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Composition and structure of iron oxidation surface layers produced in weak acidic solutions



Composition and structure of iron oxidation surface layers produced in weak acidic solutions



Journal of Colloid and Interface Science 289(1): 157-170



Although oxidation/passivation of iron in basic solution has been extensively investigated, there is very little information on iron corrosion in weak acidic solutions. In this work, iron surface composition and structure, produced in aerobic aqueous solutions ranging from pH 2 to 5, were determined in detail by the use of infrared external reflection spectroscopy, X-ray photoelectron spectroscopy and scanning electron microscopy. The most striking observation is that at pH 2 and 3 almost all oxidized iron is dissolved in solution, whereas at pH 4 and 5 the product of iron oxidation is deposited on the iron surface in the form of lepidocrocite, gamma-FeOOH. Detailed iron surface and solution analyses allow the proposition of the following overall oxidation reactions: [EQUATION: SEE TEXT]. At pH 2 and 3, only a very thin surface layer consisting of FeO and Fe(OH)2 with polymeric structure is observed on the iron surface. The amounts of these surface species remain almost constant (2-5 nm) from the first minutes to a few hours of reaction, if pH is kept constant. Nevertheless, with time the akaganeite-like, beta-FeOOH structure is also detected. At pH 4 and 5, the amount of lepidocrocite deposited on the iron surface increases with reaction time. Detailed quantitative evaluation of the lepidocrocite produced at pH 5 and its surface distribution on iron was performed based on the comparison of infrared spectroscopic data with spectral simulation results of assumed surface structures. At pH 4 and 5 and a temperature of 40-50 degrees C, in addition to a very large amount of lepidocrocite other oxy-hydroxide surface species such as goethite (alpha-FeOOH) and feroxyhite (delta-FeOOH), were identified. Addition of Cl- ions to solution at 10(-3) M concentration at pH 5 increases the oxidation rate of iron by about 50%, and lepidocrocite remains the only oxidation product. Similarly, an addition of Fe2+ ions to solution at pH 5 very strongly enhances lepidocrocite formation as well as its conductivity. The latter finding is important for the possible application of metallic iron as a catalyst in redox reactions, for example, for decomposition of difficult-to-biodegrade water pollutants.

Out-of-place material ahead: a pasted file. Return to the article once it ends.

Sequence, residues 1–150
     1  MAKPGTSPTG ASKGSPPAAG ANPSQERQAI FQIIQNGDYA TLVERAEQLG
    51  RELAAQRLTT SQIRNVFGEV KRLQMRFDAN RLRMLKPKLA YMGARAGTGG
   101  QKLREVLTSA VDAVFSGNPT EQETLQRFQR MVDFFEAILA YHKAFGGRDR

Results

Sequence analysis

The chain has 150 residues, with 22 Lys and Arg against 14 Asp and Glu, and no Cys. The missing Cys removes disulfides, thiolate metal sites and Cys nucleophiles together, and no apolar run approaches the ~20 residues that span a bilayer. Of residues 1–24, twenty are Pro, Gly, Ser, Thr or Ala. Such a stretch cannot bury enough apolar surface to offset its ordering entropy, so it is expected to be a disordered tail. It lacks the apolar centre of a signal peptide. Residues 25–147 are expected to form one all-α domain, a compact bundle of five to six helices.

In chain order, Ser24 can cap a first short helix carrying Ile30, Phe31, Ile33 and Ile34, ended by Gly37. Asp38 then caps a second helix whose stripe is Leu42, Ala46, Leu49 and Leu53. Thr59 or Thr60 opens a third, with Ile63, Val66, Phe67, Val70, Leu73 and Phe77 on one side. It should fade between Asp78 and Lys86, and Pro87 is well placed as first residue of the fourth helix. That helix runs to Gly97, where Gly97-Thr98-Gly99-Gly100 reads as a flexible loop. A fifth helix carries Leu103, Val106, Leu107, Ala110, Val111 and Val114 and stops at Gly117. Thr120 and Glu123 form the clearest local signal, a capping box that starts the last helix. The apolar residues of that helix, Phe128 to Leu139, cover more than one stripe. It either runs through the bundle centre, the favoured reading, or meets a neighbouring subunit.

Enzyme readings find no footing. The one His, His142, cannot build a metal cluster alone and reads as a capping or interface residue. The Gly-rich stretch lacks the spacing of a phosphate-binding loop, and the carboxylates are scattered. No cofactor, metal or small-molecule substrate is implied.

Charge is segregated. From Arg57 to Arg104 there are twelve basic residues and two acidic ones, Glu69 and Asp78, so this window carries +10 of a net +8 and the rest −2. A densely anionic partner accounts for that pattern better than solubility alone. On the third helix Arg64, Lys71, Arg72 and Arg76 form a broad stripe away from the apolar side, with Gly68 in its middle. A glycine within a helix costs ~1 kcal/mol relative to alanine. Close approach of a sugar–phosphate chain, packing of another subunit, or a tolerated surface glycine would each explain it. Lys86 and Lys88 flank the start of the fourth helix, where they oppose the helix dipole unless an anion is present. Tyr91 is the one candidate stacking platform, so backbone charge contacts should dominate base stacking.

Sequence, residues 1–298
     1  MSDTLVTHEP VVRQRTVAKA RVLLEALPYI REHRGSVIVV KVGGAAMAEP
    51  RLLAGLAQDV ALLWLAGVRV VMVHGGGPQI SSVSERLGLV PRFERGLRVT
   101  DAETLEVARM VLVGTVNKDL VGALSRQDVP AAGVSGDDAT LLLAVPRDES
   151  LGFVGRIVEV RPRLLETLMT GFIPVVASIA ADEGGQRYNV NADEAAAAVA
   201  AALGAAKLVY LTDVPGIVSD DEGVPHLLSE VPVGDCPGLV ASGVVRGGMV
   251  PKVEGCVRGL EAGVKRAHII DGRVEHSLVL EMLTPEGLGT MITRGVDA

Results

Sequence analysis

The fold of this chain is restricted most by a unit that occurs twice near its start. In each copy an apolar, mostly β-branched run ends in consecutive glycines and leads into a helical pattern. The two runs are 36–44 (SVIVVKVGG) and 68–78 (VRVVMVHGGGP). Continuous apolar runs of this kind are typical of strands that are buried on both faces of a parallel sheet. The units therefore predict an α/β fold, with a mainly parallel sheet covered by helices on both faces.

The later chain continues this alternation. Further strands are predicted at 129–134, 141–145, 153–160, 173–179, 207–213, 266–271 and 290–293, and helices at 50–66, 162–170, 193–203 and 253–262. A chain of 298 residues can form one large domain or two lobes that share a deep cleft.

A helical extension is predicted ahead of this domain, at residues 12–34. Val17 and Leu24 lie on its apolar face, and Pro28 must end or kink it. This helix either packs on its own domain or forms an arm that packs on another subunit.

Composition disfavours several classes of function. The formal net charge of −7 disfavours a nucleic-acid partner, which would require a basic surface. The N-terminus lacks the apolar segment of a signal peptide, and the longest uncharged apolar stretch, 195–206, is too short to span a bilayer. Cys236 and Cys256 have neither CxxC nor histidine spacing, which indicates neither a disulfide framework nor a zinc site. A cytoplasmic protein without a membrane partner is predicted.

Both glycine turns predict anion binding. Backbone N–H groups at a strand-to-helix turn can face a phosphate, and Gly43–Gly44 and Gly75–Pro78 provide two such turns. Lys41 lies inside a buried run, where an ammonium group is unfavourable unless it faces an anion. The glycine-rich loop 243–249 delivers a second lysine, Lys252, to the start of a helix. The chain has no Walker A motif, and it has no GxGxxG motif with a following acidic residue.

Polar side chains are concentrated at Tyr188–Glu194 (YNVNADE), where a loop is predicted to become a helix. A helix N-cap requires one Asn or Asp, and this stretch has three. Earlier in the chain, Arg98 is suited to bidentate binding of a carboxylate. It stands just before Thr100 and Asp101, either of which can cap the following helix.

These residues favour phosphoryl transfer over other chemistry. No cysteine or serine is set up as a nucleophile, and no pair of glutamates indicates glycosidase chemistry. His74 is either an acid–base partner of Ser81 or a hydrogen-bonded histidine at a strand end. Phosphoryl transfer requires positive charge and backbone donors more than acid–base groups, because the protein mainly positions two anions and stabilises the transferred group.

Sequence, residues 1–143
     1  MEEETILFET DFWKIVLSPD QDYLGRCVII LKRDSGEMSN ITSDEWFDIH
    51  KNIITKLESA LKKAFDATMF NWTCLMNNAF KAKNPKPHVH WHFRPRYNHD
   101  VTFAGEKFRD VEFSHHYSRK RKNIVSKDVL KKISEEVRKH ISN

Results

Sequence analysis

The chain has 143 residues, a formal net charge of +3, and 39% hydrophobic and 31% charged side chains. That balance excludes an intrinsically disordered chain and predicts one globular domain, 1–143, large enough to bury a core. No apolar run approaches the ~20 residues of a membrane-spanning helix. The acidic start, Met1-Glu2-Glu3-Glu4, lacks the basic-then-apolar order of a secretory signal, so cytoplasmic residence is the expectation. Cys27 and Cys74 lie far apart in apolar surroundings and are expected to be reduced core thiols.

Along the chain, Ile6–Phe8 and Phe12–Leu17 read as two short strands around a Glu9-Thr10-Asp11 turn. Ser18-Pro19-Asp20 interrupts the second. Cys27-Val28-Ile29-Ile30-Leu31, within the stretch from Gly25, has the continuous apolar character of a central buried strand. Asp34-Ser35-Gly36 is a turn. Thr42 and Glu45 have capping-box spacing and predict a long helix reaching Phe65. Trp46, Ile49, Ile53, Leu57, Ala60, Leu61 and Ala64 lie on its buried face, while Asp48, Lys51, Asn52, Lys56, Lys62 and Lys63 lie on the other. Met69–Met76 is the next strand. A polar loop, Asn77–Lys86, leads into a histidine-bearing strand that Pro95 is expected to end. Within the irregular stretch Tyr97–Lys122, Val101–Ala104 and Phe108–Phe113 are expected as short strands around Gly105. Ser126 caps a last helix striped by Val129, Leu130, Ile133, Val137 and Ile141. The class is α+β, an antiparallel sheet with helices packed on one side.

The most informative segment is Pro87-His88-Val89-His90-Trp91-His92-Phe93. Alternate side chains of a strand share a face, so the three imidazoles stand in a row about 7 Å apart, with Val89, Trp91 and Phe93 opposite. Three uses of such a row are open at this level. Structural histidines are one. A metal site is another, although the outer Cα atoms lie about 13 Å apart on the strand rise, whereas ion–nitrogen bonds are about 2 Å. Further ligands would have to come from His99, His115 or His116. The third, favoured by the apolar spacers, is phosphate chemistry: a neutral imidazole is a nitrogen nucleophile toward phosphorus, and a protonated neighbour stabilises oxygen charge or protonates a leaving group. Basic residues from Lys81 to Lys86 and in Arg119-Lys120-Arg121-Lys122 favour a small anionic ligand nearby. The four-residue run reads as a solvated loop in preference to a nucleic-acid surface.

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Accession: 004084651

Download citation: RISBibTeXText

PMID: 15922350

DOI: 10.1016/j.jcis.2005.03.062


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